3. Discuss as a class any common threads in beliefs. Did any surprise you?
    4. What diverse audiences could you share these statements with? Who would benefit? Send the blog or photos to those audiences.

Part 2: Science and Belief

  1. People across the world find personal power and create positive results in their lives through religion. Is it possible to harness these same results through science and changing our minds? Can expectation change reality? Take a quick class vote.
  2. Watch Erik Vance's Suggestible You (resource 5). (Teachers, skip 0:43-0:53 and stop at 1:04).
  3. Look at the image below and think about the statement below the picture. Free write for five minutes on what Your Limits are in Your Head means to you. Consider information learned from the Suggestible You video clip. 
  4. Read The Science Behind Miracles by Erik Vance. Answer the questions on the right (Resource 3 The Science Behind Miraccles) in a notebook, either alone or with a partner. Look up any unfamiliar words or new concepts.
  5. As a class decide the most important things you learned and why they are important. Will this information change anything in your life? With your teacher, leave a class comment answering those questions here.
  6. Your teacher is going to read out loud and guide you through Mind Over Matter (print)/Unlocking the Healing Power of You by Erik Vance in National Geographic’s December 2016 edition. While you are listening:
    1. Read along with a copy or online (to your right under Resource 4).
    2. Sketch what you are hearing. Here are some ideas of how to sketchnote.
    3. Stop and ask questions and process information along the way. Discuss the fluid roles of religion and belief throughout this article. When and why are they separate? How and why do they intersect?
  7. Stand up and find a partner to discuss each of the following quotes from the article. Find a new partner for each quote. (Teachers cut each quote into strips ahead of time). Spend about two minutes on each quote. 
    1. What is each author trying to get across?
    2. What does it mean to you?
    3. What is your reaction? 

“The placebo effect’s conditioned response in reaction to pain is to release brain chemicals-endorphins, or opiate-like painkillers-synthesized in the body. ...This time, some of the patients felt better, even though they didn’t receive morphine.”

“Without the expectation of pain relief, you can’t have a placebo effect,” sys Howard Fields at University of California, San Francisco.

“An expectation of healing in the prefrontal cortex sends signals to parts of the brain stem, which creates opioids and releases them down to the spinal cord. We don’t imagine we’re not in pain. We self-medicate, literally, by expecting the relief we’ve been conditioned to receive.” - Erik Vance

“Information we take from our social relationships has really profound influences, [not only] on emotional experiences but also on health related outcomes such as pain and healing.” Leonie Koban, scientist.

“Humans have the capacity to change their experience. These are skills, and we can learn them”-Tanya Luhrmann, an anthropologist at Stanford University who has dedicated much of her professional life to understand people’s interactions with God.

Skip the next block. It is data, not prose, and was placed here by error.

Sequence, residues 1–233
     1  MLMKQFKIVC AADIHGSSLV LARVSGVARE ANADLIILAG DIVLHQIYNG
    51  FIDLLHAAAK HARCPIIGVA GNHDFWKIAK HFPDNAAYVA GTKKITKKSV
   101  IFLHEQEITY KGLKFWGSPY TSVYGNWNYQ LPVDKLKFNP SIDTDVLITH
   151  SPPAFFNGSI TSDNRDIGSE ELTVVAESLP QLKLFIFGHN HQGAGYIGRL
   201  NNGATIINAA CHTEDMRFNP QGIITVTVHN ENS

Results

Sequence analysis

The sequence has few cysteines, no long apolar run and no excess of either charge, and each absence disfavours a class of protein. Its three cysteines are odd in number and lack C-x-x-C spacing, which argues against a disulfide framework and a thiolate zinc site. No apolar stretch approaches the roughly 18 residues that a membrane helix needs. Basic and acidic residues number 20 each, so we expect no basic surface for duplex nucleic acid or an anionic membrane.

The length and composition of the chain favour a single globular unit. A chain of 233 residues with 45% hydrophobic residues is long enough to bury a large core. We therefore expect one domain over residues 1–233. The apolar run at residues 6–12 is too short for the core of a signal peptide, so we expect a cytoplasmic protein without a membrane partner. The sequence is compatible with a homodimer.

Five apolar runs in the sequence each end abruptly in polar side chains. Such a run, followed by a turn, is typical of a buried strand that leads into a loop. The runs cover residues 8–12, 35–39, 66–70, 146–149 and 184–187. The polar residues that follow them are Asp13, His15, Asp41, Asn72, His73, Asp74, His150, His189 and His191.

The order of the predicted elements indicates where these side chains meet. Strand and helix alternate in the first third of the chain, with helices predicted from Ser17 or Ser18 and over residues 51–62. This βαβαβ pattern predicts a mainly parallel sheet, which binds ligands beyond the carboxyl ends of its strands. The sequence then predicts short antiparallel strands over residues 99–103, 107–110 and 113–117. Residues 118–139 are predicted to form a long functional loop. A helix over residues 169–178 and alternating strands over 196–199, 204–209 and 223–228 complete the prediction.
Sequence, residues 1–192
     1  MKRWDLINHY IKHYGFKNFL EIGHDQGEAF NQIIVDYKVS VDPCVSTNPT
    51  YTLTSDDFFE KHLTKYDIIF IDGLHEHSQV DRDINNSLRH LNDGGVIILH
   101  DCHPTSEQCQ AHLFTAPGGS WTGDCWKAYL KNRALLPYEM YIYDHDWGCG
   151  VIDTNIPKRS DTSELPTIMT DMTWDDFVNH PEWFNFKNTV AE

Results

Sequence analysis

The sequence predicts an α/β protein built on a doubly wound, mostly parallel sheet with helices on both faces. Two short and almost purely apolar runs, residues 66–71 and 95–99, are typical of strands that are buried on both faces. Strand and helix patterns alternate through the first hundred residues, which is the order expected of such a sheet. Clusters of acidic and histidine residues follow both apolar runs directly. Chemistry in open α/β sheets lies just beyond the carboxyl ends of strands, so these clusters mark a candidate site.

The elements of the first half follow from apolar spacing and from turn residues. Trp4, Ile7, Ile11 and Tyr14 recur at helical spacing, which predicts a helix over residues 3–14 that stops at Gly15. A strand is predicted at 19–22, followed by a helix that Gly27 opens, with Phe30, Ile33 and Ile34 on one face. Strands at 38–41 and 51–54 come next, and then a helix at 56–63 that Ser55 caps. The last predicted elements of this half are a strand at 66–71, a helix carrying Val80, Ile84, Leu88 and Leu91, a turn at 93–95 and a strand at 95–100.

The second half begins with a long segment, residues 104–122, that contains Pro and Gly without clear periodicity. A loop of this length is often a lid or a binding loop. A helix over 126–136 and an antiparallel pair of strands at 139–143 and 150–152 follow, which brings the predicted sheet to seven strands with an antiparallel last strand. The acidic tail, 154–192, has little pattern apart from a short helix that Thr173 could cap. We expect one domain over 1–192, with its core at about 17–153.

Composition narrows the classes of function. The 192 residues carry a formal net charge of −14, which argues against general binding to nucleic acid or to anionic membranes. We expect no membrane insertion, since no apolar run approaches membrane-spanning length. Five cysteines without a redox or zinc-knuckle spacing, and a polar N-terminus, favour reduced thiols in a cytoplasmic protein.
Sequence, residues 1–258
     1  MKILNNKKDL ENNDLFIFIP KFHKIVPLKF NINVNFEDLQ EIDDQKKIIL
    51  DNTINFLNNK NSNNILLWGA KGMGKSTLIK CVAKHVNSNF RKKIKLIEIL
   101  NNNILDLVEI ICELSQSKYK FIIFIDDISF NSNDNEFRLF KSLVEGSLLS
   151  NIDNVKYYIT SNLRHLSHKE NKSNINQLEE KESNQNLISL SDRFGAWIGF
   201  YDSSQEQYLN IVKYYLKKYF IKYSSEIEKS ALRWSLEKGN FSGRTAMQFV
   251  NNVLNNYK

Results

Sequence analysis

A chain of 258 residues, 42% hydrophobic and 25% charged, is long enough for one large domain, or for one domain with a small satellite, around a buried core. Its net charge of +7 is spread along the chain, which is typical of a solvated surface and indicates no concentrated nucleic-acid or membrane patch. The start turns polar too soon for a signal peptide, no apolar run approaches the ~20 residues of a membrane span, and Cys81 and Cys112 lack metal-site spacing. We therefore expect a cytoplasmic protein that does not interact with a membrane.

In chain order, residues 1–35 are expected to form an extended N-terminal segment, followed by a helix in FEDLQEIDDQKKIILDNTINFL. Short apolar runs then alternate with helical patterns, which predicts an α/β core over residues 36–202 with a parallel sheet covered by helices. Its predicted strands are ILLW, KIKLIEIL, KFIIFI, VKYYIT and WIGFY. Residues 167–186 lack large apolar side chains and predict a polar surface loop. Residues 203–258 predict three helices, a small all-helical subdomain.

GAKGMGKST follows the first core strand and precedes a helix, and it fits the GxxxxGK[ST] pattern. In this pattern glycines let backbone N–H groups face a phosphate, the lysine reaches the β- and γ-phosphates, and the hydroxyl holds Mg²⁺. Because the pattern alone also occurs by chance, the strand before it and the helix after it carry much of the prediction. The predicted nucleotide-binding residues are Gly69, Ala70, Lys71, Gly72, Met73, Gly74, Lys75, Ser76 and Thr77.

“The group carries you, and you carry the group. Prayer seems to actually work.” Thomas Zauner, a psychotherapist and deacon.

“We don’t imagine we’re not in pain. We self-medicate, literally, by expecting the relief we’ve been conditioned to receive.” Erik Vance

 

Take Action: Translate your ideas into appropriate actions to improve conditions.

  1. Consider all of the information learned in this unit. Summarize as a class.
  2. Listen to some classical or zen music. Meditate, journal, draw, or reflect quietly on the following questions:

     

    1. What is one step you can take to improve the quality of your life?
    2. What method is best to get you to that goal (a religious practice from your faith or another, or a science based changing your beliefs practice)
    3. Create a plan to implement this personal growth experiment. The plan should be completed within a week. Fill out a row in this sheet (the blue sections). (use a number or fake name for privacy if you would like. Let your teacher know who you are). Teachers-this information is public.
      • For example, if I drink coffee as an adult I may use the placebo effect of switching to decaf (there is a still a small amount of caffeine-enough to satisfy my brain without the negative effects of regular coffee).
    4. Fill in the rest of the green sections on this sheet one week later after completing your plan.
    5. Discuss the results as a class. What factors contributed to successes?
    6. Who can you share this information with to help someone else improve their life (a person in your faith community, a family member, a friend, etc.)? Create a plan to share in a week’s time.
    7. Continue experimenting!

 

 

 

 

 

 

 

 

 

 

Educator Notes: 

This unit asks middle school students to explore the varying roles beliefs play in people's lives. Beliefs will be explored through the lenses of world religions, science, and social relationships. Students will design a plan to use their beliefs to grow personally and share what they have learned to help others. Lessons based on the Pulitzer Center's Religion & Power Gateway and Erik Vance's articles and book Suggestible You